Queensland has been thrown into a battle with Premier Anna Bligh, who is pushing through a plan to sell off Queensland's ports, motorways, forests and non-passenger rail network. The first stage of the battle occurred at the ALP State Conference in June, shortly after Bligh announced her plan.
Outside the conference, 2000 people protested against privatisation. Andrew Dettmer, Australian Manufacturing Workers Union state secretary and ALP state president, spoke against the privatisation plan but was booed when he tried to defend the ALP.
Inside the conference it was a different, sorry story. Most of the so-called left unions organised some of their delegations to be absent during the vote on Bligh's sell-off plan. The plan got up with 207 votes for, 156 against and 44 abstentions. The vote stank of dirty deals being done with these so-called left union leaders. Were they were offered a safe ALP seat in the future if they made sure some of their delegates were absent for the vote?
The Electrical Trades Union (ETU), led by new secretary Peter Simpson, was extremely angry at these antics. It denounced them in the media, and quit the ALP's "left" faction.
The ETU went into action, organising a tour throughout regional Queensland — where many of the jobs will be lost if the sell-off goes ahead. The tour ended in a July 3 Brisbane rally that drew 1500 people.
A week before the rally, the Queensland Council of Unions finally came on board after initially failing to support the campaign. This showed the pressure applied by the ETU, also coming from the ranks of other unions. Socialist Alliance members contacted their unions demanding support for the rally.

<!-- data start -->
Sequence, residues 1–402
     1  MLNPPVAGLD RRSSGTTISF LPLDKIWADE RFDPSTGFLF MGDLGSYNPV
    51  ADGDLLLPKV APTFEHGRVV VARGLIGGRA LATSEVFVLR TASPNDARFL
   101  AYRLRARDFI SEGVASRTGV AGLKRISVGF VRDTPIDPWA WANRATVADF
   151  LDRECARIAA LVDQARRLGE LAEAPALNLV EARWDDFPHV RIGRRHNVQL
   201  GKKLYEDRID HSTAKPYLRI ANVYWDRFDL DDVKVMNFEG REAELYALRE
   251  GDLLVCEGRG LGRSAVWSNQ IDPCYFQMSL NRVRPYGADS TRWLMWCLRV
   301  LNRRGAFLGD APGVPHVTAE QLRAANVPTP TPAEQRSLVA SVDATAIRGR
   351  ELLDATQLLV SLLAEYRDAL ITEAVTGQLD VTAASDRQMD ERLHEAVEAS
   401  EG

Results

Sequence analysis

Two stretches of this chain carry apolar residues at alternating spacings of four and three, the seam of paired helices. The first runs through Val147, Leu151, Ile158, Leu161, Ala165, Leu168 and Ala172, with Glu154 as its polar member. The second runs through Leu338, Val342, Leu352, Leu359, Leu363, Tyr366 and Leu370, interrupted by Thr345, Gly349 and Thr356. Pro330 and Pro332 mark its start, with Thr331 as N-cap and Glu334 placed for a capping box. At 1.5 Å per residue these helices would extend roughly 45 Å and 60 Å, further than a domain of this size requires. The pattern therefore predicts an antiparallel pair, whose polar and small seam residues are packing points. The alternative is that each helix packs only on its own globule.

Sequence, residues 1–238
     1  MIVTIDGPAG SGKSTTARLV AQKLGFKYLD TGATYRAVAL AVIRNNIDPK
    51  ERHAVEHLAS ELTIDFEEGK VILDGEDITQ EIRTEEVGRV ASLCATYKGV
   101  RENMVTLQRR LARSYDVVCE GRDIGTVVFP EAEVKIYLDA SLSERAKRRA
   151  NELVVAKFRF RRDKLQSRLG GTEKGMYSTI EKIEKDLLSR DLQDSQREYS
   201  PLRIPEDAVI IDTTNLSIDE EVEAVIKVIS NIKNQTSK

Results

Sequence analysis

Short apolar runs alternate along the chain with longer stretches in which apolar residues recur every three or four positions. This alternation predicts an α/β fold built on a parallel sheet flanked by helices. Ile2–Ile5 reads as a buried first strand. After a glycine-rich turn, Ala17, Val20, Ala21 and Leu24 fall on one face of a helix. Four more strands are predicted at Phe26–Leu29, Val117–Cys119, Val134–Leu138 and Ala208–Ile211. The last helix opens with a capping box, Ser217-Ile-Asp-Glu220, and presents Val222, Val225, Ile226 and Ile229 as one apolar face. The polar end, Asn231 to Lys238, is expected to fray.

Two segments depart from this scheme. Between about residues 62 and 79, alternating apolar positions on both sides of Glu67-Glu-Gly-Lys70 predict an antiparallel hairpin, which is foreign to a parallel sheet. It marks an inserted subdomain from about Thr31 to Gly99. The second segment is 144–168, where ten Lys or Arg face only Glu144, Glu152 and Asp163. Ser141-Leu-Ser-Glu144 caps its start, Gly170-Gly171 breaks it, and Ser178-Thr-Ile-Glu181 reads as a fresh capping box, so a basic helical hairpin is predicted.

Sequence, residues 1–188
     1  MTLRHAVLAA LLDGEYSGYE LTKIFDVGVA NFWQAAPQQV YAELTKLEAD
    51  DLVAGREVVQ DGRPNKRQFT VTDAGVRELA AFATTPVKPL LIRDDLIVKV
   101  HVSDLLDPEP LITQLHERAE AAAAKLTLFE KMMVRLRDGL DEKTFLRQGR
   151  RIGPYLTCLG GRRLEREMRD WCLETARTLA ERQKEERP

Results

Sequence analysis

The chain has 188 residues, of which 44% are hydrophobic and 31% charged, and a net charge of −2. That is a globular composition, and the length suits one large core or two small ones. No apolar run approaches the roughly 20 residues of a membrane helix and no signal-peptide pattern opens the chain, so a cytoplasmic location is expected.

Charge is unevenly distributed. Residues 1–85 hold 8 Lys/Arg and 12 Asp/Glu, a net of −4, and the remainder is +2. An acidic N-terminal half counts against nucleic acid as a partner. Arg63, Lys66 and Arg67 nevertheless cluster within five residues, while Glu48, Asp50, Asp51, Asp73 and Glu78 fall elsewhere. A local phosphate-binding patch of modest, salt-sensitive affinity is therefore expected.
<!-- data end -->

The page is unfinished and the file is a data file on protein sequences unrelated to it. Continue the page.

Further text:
Of course, there is a long struggle ahead to see the sort of broad, state-wide and union-wide campaign — including serious industrial action — that is needed to win the battle.
Three days before the rally, a Socialist Alliance-initiated public forum on how to defeat Bligh's sell-off plan took place. Speakers included the ETU's Simpson, Paul Benedek from Socialist Alliance, Drew Hutton from the Greens, and bus division secretary of the Rail Tram and Bus Union Dave Matters.
The meeting voted unanimously to form a "Save Our Public Assets" campaign group. The group involves some key union militants, some of who have been doing daily anti-privatisation street stalls.
The campaign is raising some interesting political questions. The ETU publicly stated at the July 3 rally that it will "not give one red cent" to the ALP's next state election campaign if it retains the pro-privatisation policy.
The question is also posed to other unions — how can they justify continuing to support a pro-privatisation ALP?
Even Dettmer told the July 3 rally that his union will not be supporting any politician at the next state election unless they make a "no privatisation pledge."
Socialist Alliance members are involved in the campaign in Brisbane, the Gold Coast, Maryborough and Cairns. Unlike the ALP, the Socialist Alliance agrees with the 90% of the Queensland population who oppose the sell-off.
Ideas for the future include getting a NSW anti-privatisation campaigner up to speak about lessons from the campaign there; developing "Your Rights At Work"-style community campaigning groups; organising anti-privatisation work through unions; and targeting pro-privatisation state ALP MPs.
For updates, video and campaign resources check out the No Sell Off pages on the Queensland Socialist Alliance blog.
[Paul Benedek and Dave Riley are members of the Queensland Socialist Alliance.]